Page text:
Twelve days ahead of the Special Election to fill the District 8 City Council seat vacated by Kenzie Bok, the two candidates – Montez Haywood and Sharon Durkan – were both on hand for the West End Civic Association’s monthly meeting on Thursday, July 13, at the Amy Lowell Apartments.
Each candidate was allotted just over a half hour to introduce themselves and outline their campaign priorities, as well as to respond to questions from around 40 meeting-goers.
Haywood, an assistant district attorney with the Suffolk County District Attorney’s office since 2006 who launched an unsuccessful bid against newcomer Bok for the District 8 City Council seat in the fall of 2019, made his pitch first.
“I want to put us in the position where we can accomplish tasks and accomplish things,” said Haywood, who added that he’s “running to be a retail politician.”
If elected, Haywood said his work as a city councilor would include tending to matters, such as fixing potholes on Nashua Street and addressing the “crumbling” condition of Thoreau Path.
On the matter of building usage in and around the West End, Haywood, who lives in the Avalon building, said he would adamantly oppose providing services for the homeless, as well as for drug treatment, out of a building owned now by Mass General Hospital at 75 Blossom Court, which was formerly home to J. Pace & Son, a small grocery store.
“That would be a non-starter for me,” he said. (Despite Haywood’s admonishment, no formal proposal has been made to site such services at this location, as was pointed out by those in attendance at the meeting.)
Instead, Haywood proposes providing 500 beds with wraparound services (but no kitchens) from a retrofitted cruise ship at an existing dock at North Jetty Pier previously used for aircraft carriers; this, he said, could be delivered at a cost of between $30-40 million, according to a MIT white paper on cruise ship conversion into affordable housing drafted in February.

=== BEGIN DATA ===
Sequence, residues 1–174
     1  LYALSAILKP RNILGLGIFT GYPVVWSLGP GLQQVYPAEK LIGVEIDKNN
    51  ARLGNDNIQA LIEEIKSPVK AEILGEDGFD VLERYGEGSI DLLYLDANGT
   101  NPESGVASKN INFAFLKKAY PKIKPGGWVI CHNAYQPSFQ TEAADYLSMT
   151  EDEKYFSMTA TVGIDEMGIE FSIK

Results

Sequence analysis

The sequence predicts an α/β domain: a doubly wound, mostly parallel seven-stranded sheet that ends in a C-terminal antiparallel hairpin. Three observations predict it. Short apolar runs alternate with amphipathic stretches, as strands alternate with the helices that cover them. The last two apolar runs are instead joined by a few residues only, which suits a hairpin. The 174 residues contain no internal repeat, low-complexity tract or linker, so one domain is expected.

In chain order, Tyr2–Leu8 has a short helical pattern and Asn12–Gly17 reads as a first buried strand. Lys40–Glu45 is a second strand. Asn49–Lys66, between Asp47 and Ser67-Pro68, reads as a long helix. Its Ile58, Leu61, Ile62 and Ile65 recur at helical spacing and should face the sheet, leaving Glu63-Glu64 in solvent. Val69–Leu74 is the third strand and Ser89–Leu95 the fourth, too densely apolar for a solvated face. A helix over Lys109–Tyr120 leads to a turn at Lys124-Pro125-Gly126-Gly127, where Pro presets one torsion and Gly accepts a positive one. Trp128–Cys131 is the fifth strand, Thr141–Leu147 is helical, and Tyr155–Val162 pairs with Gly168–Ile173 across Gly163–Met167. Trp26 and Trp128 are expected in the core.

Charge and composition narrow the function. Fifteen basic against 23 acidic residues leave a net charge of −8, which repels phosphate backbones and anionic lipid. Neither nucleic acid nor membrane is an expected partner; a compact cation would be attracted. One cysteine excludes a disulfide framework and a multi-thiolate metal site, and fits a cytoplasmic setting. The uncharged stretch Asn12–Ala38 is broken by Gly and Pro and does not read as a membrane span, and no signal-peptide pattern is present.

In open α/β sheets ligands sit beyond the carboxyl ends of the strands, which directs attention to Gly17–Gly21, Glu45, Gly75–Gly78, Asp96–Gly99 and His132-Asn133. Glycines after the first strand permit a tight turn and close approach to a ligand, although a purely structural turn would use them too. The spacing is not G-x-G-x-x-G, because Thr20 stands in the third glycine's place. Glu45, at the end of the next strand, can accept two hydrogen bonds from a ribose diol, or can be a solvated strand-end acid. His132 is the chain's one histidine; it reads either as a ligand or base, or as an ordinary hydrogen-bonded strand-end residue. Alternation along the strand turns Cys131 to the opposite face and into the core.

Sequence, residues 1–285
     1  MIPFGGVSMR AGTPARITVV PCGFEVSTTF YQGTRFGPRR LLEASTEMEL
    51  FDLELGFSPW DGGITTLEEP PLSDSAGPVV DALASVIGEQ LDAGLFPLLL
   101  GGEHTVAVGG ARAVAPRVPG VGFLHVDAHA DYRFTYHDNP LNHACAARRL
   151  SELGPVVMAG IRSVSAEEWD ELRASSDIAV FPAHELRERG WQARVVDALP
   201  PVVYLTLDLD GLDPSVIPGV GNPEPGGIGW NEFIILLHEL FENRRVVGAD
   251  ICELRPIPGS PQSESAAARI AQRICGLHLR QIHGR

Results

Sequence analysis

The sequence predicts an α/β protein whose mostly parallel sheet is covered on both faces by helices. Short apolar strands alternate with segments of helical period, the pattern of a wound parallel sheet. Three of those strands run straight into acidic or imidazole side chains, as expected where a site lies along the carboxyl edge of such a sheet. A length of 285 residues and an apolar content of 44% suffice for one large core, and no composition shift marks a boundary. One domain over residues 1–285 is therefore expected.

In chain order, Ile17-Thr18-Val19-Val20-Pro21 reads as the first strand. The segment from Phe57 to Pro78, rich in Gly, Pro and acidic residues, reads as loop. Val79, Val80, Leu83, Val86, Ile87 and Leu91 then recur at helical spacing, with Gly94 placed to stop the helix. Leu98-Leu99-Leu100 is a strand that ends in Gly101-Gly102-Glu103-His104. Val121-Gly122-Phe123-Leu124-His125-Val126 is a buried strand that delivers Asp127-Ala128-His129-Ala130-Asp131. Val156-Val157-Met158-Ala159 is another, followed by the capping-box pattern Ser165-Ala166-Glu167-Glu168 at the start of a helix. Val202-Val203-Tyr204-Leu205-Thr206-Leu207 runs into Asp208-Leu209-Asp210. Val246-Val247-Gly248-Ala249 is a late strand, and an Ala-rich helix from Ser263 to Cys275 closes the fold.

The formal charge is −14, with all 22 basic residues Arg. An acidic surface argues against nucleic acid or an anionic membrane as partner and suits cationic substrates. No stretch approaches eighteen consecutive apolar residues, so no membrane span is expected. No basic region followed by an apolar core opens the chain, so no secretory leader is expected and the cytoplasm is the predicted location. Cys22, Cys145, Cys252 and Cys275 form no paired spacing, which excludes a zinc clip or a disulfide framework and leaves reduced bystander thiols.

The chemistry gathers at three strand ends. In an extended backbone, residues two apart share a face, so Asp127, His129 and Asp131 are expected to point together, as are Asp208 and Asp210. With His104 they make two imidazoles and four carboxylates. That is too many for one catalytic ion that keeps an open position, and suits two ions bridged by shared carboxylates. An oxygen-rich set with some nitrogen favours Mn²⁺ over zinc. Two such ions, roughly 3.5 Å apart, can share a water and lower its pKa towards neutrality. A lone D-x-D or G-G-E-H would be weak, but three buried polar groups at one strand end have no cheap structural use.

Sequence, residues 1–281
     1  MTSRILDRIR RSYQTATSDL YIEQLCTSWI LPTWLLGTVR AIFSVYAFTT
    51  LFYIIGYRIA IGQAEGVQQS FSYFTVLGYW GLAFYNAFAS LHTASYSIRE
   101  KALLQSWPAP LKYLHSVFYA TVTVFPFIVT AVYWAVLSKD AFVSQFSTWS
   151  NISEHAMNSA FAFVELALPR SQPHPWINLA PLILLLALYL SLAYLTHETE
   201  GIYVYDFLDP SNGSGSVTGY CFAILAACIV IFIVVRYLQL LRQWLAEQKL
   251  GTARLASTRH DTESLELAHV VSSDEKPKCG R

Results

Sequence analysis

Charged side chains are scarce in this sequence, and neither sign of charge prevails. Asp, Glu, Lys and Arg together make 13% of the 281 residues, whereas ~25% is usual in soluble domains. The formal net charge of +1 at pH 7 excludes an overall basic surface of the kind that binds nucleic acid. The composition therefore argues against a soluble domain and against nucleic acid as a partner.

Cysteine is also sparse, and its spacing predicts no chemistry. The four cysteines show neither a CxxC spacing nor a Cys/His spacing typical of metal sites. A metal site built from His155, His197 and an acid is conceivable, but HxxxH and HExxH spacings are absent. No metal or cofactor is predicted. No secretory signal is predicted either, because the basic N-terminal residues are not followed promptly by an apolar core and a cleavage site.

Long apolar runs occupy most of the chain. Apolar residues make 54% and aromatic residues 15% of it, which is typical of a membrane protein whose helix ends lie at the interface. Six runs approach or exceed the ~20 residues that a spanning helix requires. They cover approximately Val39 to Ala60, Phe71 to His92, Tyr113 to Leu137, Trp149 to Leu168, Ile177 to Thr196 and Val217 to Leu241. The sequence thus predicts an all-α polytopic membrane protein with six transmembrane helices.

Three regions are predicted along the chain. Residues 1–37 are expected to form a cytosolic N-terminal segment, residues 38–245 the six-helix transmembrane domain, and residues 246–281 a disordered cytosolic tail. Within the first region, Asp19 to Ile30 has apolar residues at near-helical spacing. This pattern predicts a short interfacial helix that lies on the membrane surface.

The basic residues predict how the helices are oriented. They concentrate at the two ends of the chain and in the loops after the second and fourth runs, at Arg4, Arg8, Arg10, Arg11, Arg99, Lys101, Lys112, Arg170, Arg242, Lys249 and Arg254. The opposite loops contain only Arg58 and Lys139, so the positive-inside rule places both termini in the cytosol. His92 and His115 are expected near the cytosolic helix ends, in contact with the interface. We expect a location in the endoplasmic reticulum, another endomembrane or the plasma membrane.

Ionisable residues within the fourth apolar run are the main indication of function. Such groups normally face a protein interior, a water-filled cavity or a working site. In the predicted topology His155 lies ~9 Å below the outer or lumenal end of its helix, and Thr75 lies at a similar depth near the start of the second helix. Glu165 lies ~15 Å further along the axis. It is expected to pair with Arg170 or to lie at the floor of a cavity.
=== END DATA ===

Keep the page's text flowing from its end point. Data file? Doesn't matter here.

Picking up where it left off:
“We’re already spending the money when we put them in jail. We’re already spending the money when we put them in the hospital. I propose we spend the money better,” he said.
Haywood suggested that the city employ the cruise-ship model while the bridge to the 800-bed Long Island Shelter Clinic is being reconstructed.
But he was skeptical when it came to a suggestion that the city ship people off to receive treatment on Thompson Island in the Boston Harbor, however.
“You can’t force people to get on a boat,” said Haywood. “If you take them to Thompson Island, they don’t have any say. As a city, we’re now violating their rights.”
Regarding the Alcott Apartments in Bulfinch Triangle, Haywood said it’s twice the size of what was promised to the community.
Haywood also expressed concern regarding two proposals for skyscrapers on Causeway Street, adding that while he’s “all for housing, but there comes a point where [the city is] overdeveloped.”
Likewise, Haywood pointed to the need for a “corridor of green space” in the West End, which, he said, could come as part of mitigation for Mass General’s new building on Cambridge Street.
Haywood also said that development projects in the neighborhood, including Mass General’s expansion, along with the proposed redevelopments of the West End Branch Library and the Hurley Building, need to be considered holistically.
While he emphasized that he’s not “anti-bike” and acknowledged that opting for bicycles over cars can help combat climate change, Haywood said he would oppose any bike lane proposed for Charles Street, as well as for Berkeley and Boylston streets. He cited public safety concerns among his reasons for taking this position, saying that bike lanes could potentially hinder firefighters from easily accessing some addresses.